It’s T-time again.
No, not time for a cuppa.
T is for Transition. For an autistic child, transition happens so often and is so painful. Experience is forgotten as sheer terror grips him, and all those past events which were successfully negotiated now count for nothing.
Transition can be on Saturday morning, a change of routine from the weekdays.
Transition can be on Sunday evening, the dreaded return to school.
Transition can happen on the eve of a holiday, or on the eve of the return trip.
Transition is bad enough at the end of the school year, and as if things couldn’t get more stressful, transition is at its worst in the lead up to the new school year. So many unknowns. You just can’t prepare for every eventuality.
In January, we have the transition from holidays into spring term. People will be asking ‘How was Christmas?’, ‘How was your birthday?’, ‘Ready and raring to go?’ and saying ‘You’ve grown, young man’, and ‘Nice to see you again’. All these things are usually said in passing, not really requiring an actual answer. So, why ask them, an autistic person may be justified in asking? Welcome to social conventions. It is a minefield. Most of us pick up the rules by observation and practise as we grow up, we adapt to expectations fairly easily, we learn to fit in with our ‘correct’ and quick responses. It doesn’t come as easily to everyone though.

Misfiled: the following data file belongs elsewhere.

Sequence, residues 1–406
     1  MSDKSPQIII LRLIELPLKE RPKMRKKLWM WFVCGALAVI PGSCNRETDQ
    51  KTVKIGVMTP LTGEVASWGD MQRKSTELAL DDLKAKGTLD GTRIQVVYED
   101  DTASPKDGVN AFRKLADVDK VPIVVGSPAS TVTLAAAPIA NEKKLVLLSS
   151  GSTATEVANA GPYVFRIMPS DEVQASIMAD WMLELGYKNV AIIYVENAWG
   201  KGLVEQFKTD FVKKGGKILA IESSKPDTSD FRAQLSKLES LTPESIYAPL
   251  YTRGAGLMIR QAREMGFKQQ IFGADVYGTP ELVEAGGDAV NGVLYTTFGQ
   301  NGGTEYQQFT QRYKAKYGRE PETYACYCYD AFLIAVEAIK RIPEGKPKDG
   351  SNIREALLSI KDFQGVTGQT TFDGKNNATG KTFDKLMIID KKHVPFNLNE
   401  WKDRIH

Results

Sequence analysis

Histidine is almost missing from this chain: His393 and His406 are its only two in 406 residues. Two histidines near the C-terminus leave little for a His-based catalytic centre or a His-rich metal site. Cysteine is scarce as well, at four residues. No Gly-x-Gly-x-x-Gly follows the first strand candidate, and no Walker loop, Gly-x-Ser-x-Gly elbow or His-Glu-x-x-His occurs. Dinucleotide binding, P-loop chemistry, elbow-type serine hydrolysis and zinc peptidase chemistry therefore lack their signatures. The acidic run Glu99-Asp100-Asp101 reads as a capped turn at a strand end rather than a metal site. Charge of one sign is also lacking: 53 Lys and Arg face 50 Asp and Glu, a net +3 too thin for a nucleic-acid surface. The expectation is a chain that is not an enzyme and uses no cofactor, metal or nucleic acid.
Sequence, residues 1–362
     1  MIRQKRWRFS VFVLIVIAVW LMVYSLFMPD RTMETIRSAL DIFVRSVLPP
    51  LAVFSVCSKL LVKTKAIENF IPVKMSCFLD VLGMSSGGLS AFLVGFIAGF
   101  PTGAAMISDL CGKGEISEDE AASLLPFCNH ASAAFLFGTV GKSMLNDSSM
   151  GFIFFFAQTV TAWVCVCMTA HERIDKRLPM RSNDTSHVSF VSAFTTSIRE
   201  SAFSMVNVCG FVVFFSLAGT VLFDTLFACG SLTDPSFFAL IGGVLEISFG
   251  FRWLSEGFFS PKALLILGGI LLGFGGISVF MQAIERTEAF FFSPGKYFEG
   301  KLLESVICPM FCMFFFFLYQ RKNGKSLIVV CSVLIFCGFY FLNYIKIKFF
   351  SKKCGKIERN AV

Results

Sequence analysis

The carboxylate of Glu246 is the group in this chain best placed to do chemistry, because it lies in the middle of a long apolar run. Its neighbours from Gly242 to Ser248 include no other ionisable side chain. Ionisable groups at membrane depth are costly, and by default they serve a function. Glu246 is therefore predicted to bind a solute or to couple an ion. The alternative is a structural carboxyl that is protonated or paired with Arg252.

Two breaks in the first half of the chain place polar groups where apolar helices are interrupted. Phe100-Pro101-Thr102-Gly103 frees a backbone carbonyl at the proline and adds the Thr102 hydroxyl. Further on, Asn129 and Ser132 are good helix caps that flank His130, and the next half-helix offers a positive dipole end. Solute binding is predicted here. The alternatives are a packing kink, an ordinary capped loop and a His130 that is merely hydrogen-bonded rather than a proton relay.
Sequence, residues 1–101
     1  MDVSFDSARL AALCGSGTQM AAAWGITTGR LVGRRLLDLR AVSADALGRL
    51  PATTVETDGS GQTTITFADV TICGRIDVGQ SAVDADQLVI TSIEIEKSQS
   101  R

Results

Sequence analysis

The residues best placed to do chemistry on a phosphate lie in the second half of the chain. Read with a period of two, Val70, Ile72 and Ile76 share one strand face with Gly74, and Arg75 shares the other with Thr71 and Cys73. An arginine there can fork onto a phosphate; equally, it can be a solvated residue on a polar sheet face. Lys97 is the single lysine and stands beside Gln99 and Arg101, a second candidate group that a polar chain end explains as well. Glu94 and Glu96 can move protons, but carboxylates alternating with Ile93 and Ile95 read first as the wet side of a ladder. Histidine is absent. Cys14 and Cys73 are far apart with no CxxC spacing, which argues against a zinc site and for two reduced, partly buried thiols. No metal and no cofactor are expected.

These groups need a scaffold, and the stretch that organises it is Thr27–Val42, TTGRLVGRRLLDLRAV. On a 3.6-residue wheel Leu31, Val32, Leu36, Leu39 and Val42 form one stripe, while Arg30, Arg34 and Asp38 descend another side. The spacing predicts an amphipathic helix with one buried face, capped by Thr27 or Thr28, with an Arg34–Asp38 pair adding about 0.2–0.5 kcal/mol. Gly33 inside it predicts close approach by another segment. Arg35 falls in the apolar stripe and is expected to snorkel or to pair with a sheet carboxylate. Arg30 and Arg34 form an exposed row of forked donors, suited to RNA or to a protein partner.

It is usually only when we try to learn a new language that we realise how complicated our own one is. And so it is watching an autistic child try to learn responses, recall them fast enough, remember to smile or use a correct facial expression depending on the situation. If you sat down to draw some sort of fancy diagram of all the phrases which might crop up in a simple conversation exchange, you would be hard-pressed to make it clear. The problem is of course that the other person isn’t reciting from a script, so you can very well learn a whole range of suitable responses, but none of them may be quite apt in that moment in the real world.
So, tomorrow I will put out the bags and sports kits after he is in bed, I will not mention school all day.
Tomorrow he will be buried in his iPad with headphones on. He will eat popcorn and toast and not be challenged in any way.
This way he will (I hope) preserve some energy for the ordeal which is the morning of the first day back at school.